Add to EAA’s diverse aircraft collection for aviation enthusiasts to enjoy! EAA AirVenture Museum follows a set of procedures to assess airplanes that are offered as donations to our collection.

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1941 XP-51 Mustang

The North American P-51 Mustang was the most successful, most versatile fighter of World War II (1939-1945). Designed in 1940 for Britain, the first prototype XP-51 was finished in just 117 days. The Allison-powered P-51A was dubbed “Mustang, Mk. 1” by the British and first deployed in tactical reconnaissance in the spring of 1942.

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1903 Wright Flyer Replica

The full-size replica of the Wright brothers’ historic 1903 “Flyer” - the first true airplane - is a centerpiece in the EAA AirVenture Museum’s collection. It stands as a tribute to the birth of aviation and to the accomplishments of Wilbur and Orville Wright and their mechanic, Charlie Taylor.

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1938 Wittman Buttercup

Steve Wittman designed and built Buttercup in 1938 and, over the years, it has featured a variety of innovations including - tapered rod landing gear, variable camber wings with full span leading edge and slotted trailing edge flaps.

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1959 P-5 'Pober Sport'

Paul Poberezny first penciled a sketch of the Pober Sport during the summer of 1956. With a little help from his wife and brother, Paul began building the Sport with a Baby Ace fuselage and J-3 landing gear. Other EAA members pitched in to help Paul build his latest aircraft.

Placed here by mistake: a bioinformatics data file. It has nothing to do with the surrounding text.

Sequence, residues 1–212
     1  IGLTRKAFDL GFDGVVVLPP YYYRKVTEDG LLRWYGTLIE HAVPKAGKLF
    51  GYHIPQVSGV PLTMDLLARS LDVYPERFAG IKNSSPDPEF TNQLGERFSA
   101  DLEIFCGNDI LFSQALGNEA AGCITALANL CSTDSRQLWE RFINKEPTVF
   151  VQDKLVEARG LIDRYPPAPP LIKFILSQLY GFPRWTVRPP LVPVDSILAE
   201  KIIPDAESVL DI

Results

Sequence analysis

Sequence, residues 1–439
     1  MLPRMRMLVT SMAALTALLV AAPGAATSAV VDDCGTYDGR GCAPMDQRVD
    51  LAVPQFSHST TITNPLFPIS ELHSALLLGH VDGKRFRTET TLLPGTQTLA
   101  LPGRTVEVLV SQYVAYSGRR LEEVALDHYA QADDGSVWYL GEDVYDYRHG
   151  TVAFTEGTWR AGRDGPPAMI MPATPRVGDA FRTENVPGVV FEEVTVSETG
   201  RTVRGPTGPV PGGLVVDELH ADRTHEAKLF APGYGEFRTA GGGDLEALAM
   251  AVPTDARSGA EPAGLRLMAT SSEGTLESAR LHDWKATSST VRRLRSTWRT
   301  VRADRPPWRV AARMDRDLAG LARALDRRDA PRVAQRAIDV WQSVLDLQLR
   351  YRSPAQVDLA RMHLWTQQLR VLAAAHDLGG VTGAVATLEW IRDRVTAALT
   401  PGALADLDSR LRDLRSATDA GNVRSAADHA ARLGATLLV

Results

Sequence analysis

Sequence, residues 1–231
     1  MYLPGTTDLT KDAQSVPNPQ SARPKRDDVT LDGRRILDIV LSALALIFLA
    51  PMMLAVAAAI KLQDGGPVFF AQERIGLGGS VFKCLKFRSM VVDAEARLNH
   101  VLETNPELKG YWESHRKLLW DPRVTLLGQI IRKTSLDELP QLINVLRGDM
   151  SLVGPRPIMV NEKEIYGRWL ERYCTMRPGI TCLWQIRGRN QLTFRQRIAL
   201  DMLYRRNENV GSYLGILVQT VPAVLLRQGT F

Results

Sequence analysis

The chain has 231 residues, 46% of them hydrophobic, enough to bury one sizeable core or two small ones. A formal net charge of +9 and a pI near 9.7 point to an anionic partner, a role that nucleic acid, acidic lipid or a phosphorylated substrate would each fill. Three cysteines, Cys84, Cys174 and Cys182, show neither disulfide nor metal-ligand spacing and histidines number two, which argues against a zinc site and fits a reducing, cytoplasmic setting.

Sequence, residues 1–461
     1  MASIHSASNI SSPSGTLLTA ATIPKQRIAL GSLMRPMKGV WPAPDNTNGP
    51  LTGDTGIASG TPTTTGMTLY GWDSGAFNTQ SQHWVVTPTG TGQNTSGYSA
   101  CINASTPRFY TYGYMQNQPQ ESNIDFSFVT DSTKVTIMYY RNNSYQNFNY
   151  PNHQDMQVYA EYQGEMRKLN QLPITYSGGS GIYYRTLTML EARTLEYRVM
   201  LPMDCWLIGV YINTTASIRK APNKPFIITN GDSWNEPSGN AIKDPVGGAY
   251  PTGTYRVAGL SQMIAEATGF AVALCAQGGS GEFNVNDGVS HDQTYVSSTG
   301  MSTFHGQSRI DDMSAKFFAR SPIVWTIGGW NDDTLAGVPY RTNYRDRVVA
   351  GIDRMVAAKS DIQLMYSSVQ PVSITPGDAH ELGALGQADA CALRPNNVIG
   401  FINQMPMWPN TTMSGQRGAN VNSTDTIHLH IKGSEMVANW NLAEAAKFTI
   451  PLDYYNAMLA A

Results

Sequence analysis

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SpaceShipOne

The exhibit uses dramatic sound and lighting effects, as well as rare video footage - some never seen in public - to tell the story of a mission into space aboard SpaceShipOne. During this journey, SpaceShipOne demonstrates a key technological breakthrough conceived by spacecraft designer Burt Rutan, a longtime EAA member.

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1949 Taylor Aerocar

EAA’s rebuilt prototype of the classic Aerocar represents a revolutionary concept. Not only can it be readily converted from an airplane to a roadable car, but also its wings can be folded back along the sides of the detached fuselage and towed behind the automobile like a trailer.

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Spirit of St. Louis Replica

EAA has constructed two Spirit of St. Louis replica aircraft to honor Charles Lindbergh and his aviation achievements. This replica was built in 1977 to commemorate the 50th anniversary of Lindbergh’s flight across the Atlantic Ocean. Between 1977 and 1988, that aircraft accumulated more than 1,300 hours of flight time.

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1977 Christen Eagle II

The Christen Eagle was designed by Frank Christensen, founder of Christen Industries. Frank was an aerobatic pilot and manager of the U.S. Aerobatic Team that won the 1972 World Aerobatic Championship. The Christen Eagle II combined professional design with factory quality parts. The resulting kit raised the bar for aircraft kit manufacturers.

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F-22 Raptor Gallery